Multirotations of (anilinium)(crown-6) supramolecular cation structure in magnetic salt of [Ni(dmit)2]-.
ABSTRACT A solid-state dynamic supramolecular structure consisting of (anilinium)(crown-6) was arranged as the cation in a salt of [Ni(dmit)2]- (dmit = 2-thioxo-1,3-dithiole-4,5-dithiolate). With the ammonium moiety of anilinium located within the cavity of crown-6, a hydrogen-bonded supramolecular structure is formed, with an orthogonal arrangement between the pi plane of anilinium and the mean O6 plane of crown-6. In this supramolecular cation, both anilinium and crown-6 act as dynamic units with different rotational modes in the solid state. The uniform stacks of cations form an antiparallel arrangement, thus producing a layer structure. Sufficient space for the 180 degree flip-flop motion of the phenyl ring and the rotation of crown-6 was observed in the cation layer. Thermally activated 180 degree flip-flop motions, with a frequency of 6 MHz at room temperature and an activation energy of 31 kJ mol(-1), were confirmed by temperature-dependent 2H NMR spectra of ([D5]anilinium)-(crown-6)[Ni(dmit)2]. A double-minimum potential for the molecular rotation of anilinium, with a barrier of approximately 40 kJ mol(-1), was indicated by ab initio calculations. The wide-line 1H NMR spectra indicated a thermally activated rotation of crown-6 at temperatures above 250 K. Therefore, multiple molecular motions of the 180 degree flip-flop motion of the phenyl ring and the rotation of crown-6 occur simultaneously in the solid state. The temperature-dependent dielectric constants revealed that the molecular motion of crown-6, other than the flip-flop motion, dominates the dielectric response in the measured temperature and frequency range.
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ABSTRACT: Complex molecular machinery may be envisioned as densely packed, multicomponent, self-assembling systems built with high structural precision to control the dynamics of one or more internal degrees of freedom. With molecular gyroscopes as a test, we describe a general strategy to design crystals capable of supporting structurally programmed molecular motions, a practical approach to their synthesis, convenient strategies to characterize their solid-state dynamics, and potential applications based on polar structures responding collectively to external fields.Accounts of Chemical Research 07/2006; 39(6):413-22. · 20.83 Impact Factor
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ABSTRACT: The conversion of energy into controlled motion plays an important role in both man-made devices and biological systems. The principles of operation of conventional motors are well established, but the molecular processes used by 'biological motors' such as muscle fibres, flagella and cilia to convert chemical energy into co-ordinated movement remain poorly understood. Although 'brownian ratchets' are known to permit thermally activated motion in one direction only, the concept of channelling random thermal energy into controlled motion has not yet been extended to the molecular level. Here we describe a molecule that uses chemical energy to activate and bias a thermally induced isomerization reaction, and thereby achieve unidirectional intramolecular rotary motion. The motion consists of a 120 degrees rotation around a single bond connecting a three-bladed subunit to the bulky remainder of the molecule, and unidirectional motion is achieved by reversibly introducing a tether between the two units to energetically favour one of the two possible rotation directions. Although our system does not achieve continuous and fast rotation, the design principles that we have used may prove relevant for a better understanding of biological and synthetic molecular motors producing unidirectional rotary motion.Nature 10/1999; 401(6749):150-2. · 38.60 Impact Factor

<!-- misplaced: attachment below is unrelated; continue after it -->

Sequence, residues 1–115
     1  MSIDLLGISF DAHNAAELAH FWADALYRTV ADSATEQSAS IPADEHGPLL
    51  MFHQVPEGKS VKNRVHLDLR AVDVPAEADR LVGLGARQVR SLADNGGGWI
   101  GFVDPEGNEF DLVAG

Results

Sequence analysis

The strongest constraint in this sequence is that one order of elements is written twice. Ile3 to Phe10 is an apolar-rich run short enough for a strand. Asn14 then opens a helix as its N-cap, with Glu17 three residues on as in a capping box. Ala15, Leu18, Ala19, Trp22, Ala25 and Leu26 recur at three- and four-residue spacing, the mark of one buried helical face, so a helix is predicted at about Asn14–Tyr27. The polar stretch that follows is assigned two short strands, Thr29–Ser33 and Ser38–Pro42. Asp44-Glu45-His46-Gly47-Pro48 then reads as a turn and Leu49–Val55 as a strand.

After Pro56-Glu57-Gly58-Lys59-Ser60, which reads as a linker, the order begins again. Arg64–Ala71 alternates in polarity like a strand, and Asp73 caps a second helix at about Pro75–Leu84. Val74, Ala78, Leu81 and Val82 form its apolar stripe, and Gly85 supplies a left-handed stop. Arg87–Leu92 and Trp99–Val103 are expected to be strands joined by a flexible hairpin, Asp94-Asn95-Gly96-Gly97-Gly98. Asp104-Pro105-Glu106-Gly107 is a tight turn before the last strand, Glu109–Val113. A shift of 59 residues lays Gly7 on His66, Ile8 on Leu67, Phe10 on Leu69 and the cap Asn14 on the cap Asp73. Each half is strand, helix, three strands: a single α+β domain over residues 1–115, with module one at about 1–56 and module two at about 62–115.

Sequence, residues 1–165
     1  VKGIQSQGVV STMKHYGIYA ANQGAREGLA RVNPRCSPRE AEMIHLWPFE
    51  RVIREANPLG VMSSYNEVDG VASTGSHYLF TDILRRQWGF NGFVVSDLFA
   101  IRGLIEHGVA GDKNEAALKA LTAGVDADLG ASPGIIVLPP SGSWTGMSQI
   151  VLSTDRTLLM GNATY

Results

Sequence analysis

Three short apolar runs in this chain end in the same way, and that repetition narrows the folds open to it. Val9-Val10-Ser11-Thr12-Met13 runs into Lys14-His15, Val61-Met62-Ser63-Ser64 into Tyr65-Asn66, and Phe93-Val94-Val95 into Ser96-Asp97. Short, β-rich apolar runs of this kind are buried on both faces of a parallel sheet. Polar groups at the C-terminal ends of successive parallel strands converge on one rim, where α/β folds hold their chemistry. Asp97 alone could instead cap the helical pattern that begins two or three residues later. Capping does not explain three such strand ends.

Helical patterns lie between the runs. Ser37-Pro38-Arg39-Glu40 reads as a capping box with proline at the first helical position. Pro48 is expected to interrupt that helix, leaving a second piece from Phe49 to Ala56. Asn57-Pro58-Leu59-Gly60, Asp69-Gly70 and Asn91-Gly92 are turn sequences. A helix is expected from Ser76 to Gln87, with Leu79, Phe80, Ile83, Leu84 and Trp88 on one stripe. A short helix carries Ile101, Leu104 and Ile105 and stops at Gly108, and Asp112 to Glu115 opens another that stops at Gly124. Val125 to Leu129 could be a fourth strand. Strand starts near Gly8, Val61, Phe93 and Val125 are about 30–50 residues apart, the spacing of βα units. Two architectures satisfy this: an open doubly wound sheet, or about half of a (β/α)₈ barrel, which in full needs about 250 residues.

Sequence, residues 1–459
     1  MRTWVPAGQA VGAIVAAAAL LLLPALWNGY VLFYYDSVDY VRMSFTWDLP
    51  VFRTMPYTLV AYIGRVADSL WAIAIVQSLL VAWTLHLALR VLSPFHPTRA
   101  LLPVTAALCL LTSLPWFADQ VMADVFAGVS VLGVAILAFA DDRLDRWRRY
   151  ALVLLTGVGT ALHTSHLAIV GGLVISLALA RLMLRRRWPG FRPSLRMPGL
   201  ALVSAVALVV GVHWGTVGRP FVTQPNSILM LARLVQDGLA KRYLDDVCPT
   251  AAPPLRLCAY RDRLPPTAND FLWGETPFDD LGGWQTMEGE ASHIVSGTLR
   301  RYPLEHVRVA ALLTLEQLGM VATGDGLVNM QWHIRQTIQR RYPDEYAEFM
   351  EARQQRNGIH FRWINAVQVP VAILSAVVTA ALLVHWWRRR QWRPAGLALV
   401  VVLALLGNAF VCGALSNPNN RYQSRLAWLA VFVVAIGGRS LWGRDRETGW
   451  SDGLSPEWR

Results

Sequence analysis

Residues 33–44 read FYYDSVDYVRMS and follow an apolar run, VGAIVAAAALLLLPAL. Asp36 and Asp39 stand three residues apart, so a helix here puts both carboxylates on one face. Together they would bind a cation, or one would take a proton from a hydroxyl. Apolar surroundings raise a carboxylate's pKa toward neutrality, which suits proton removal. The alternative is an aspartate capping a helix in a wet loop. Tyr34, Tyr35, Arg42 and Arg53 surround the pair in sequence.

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ABSTRACT: Attempts to fabricate mechanical devices on the molecular level have yielded analogues of rotors, gears, switches, shuttles, turnstiles and ratchets. Molecular motors, however, have not yet been made, even though they are common in biological systems. Rotary motion as such has been induced in interlocked systems and directly visualized for single molecules, but the controlled conversion of energy into unidirectional rotary motion has remained difficult to achieve. Here we report repetitive, monodirectional rotation around a central carbon-carbon double bond in a chiral, helical alkene, with each 360 degrees rotation involving four discrete isomerization steps activated by ultraviolet light or a change in the temperature of the system. We find that axial chirality and the presence of two chiral centres are essential for the observed monodirectional behaviour of the molecular motor. Two light-induced cis-trans isomerizations are each associated with a 180 degrees rotation around the carbon-carbon double bond and are each followed by thermally controlled helicity inversions, which effectively block reverse rotation and thus ensure that the four individual steps add up to one full rotation in one direction only. As the energy barriers of the helicity inversion steps can be adjusted by structural modifications, chiral alkenes based on our system may find use as basic components for 'molecular machinery' driven by light.Nature 10/1999; 401(6749):152-5. · 38.60 Impact Factor